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Cleveland parties with Cavs; LeBron says he's staying

Tom Withers
Associated Press
Cavaliers fans wait for the parade to begin Wednesday in Cleveland.

Cleveland — Cheered by a sea fans spilling off sidewalks and choking the streets, LeBron James and the Cavaliers paraded and rallied as NBA champs in a once in a generation party for Cleveland.

The city’s title drought is over. The party — and procession slowed to a crawl by a mass of humanity — is just getting started.

“For some crazy reason, I feel like I’m gonna wake up and it’s going to be Game 4 again” with the Cavaliers down 2-1 to the Warriors, James told thousands of fans before thanking each of his teammates one by one.

James gave those hometown fans even more reason to celebrate by telling reporters he intends to stay in Cleveland, skipping the drama of previous splashy announcements when he decided to go to Miami in 2010 then come back to the Cavaliers four years later.

“I’m just one man with a plan, with a drive, with a determination,” James said.

The crowd, some fans arriving Tuesday night to camp out so they could get as close as possible, overwhelmed downtown Cleveland to celebrate with James, Kyrie Irving and their teammates. The Cavs made history by overcoming a 3-1 deficit to beat the Golden State Warriors in the Finals, ending the city’s 52-year championship drought.

The team delivered again with a raucous celebration filled with selfies and new nicknames for fresh moments — rare positive memories — for long-suffering Cleveland sports fans.

Kyrie Irving gave props to James’ block on Andre Iguodala that set up his 3-pointer to take the lead for good in Game 7. James raved about Irving but also Kevin Love’s defense in the final moments against NBA MVP Stephen Curry.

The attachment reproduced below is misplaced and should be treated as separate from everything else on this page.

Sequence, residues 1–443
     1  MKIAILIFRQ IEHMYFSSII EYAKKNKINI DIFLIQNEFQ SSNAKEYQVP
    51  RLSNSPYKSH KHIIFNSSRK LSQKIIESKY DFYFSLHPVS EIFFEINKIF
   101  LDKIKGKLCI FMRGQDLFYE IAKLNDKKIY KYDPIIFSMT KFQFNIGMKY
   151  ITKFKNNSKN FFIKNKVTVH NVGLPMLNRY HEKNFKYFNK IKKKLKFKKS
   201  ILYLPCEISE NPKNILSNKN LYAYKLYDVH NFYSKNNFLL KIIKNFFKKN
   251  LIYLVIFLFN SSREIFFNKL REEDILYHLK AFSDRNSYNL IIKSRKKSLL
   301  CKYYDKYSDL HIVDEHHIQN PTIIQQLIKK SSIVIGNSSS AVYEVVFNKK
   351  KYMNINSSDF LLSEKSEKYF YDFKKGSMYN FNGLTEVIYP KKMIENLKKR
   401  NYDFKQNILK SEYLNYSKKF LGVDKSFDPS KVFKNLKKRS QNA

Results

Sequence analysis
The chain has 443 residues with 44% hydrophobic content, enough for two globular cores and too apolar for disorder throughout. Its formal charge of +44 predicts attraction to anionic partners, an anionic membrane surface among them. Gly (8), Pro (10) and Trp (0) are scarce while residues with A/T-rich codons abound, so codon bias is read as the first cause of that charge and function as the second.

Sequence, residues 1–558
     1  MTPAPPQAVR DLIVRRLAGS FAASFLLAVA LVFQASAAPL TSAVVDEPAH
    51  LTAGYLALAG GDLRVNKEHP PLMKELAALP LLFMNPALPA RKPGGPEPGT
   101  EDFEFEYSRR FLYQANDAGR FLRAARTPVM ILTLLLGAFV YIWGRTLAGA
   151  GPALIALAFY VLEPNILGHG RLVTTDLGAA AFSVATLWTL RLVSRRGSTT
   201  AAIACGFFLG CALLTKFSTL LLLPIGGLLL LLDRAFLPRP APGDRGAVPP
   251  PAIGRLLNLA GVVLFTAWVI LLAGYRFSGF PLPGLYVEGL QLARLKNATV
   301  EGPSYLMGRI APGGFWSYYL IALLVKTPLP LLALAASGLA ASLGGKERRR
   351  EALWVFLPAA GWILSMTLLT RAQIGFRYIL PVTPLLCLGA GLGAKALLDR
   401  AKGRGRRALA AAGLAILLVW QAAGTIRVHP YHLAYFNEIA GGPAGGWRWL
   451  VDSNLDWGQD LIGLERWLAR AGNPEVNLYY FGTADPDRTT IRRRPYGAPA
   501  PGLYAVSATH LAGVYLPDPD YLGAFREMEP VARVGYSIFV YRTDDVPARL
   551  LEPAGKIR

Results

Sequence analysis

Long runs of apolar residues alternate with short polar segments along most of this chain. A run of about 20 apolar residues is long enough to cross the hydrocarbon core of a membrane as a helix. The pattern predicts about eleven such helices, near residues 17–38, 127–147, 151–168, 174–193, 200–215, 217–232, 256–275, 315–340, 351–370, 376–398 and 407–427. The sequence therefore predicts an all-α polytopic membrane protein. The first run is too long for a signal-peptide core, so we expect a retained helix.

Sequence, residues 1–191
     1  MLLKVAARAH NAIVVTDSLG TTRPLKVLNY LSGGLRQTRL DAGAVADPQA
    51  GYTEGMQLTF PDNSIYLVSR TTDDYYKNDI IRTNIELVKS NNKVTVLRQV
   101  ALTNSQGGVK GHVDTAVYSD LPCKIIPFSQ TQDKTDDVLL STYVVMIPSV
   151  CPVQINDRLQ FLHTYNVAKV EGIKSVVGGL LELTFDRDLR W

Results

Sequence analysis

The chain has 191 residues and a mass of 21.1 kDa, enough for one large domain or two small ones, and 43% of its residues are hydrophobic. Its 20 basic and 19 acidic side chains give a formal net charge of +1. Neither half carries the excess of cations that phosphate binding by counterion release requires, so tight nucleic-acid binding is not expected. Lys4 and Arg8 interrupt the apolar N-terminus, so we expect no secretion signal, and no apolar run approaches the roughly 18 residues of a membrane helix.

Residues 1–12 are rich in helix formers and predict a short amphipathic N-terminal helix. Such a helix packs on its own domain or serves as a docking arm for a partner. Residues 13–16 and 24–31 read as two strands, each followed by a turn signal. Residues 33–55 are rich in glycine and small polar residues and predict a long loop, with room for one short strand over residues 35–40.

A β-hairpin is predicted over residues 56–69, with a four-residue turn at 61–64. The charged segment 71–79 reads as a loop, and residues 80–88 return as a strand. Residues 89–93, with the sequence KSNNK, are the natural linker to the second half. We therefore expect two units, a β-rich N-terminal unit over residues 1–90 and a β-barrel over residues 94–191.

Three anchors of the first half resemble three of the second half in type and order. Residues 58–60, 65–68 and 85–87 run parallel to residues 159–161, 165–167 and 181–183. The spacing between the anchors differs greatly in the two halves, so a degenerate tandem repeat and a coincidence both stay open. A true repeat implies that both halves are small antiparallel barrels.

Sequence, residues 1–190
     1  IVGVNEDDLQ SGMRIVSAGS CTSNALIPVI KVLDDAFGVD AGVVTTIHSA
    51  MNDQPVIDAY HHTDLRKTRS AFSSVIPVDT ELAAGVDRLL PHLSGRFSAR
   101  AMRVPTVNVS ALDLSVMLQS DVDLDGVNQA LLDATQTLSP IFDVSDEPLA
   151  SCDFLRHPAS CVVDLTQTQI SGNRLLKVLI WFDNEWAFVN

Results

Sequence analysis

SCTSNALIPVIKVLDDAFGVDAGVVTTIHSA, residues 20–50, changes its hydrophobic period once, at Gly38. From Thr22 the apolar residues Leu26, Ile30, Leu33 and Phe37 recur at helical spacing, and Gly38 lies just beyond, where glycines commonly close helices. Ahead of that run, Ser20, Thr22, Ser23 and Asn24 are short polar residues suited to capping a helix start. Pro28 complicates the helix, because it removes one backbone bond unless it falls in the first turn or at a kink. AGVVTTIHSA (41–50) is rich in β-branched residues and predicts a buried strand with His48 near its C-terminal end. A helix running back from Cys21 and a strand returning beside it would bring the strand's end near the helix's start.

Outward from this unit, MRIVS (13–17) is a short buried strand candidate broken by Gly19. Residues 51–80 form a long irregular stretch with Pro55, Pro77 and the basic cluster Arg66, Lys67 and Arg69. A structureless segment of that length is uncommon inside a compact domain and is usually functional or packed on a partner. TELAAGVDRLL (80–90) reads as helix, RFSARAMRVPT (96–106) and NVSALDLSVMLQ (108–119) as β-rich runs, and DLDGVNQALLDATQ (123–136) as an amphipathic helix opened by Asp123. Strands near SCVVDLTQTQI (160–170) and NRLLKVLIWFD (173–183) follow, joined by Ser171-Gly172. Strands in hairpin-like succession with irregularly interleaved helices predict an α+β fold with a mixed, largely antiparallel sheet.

And Richard Jefferson, who said after winning the title that he planned to retire, got caught up by crowd chants of “one more year” and told them if they wanted him back, he’d return.

“I wouldn’t trade it for the world,” Irving said.

This was the parade Cleveland has waited to throw since 1964, when the beloved Browns owned the NFL. There were lean years — and so many close calls — in between before James, born in nearby Akron, made good on his promise to bring home a championship.

Fans stood on rooftops, portable toilets and hung out of office building windows hoping to get a glimpse of James, who rode in a Rolls-Royce with his wife, Savannah, and their three children.

Near the start of the route and just feet from where his 10-stories-tall banner hangs, James stood and posed with his arms outstretched just as he does on the giant mural — life imitating art, the photo op of a lifetime.

With the parade slowed, J.R. Smith and Irving hopped off their trucks to mix it up with the crowd, giving high fives, taking selfies. Smith also waved to crowds stacked in a nearby parking garage and blew cigar smoke high into the air.

The rally ended with Browns great Jim Brown passing James the Larry O’Brien trophy, a symbolic passing of the torch for Cleveland sports icons.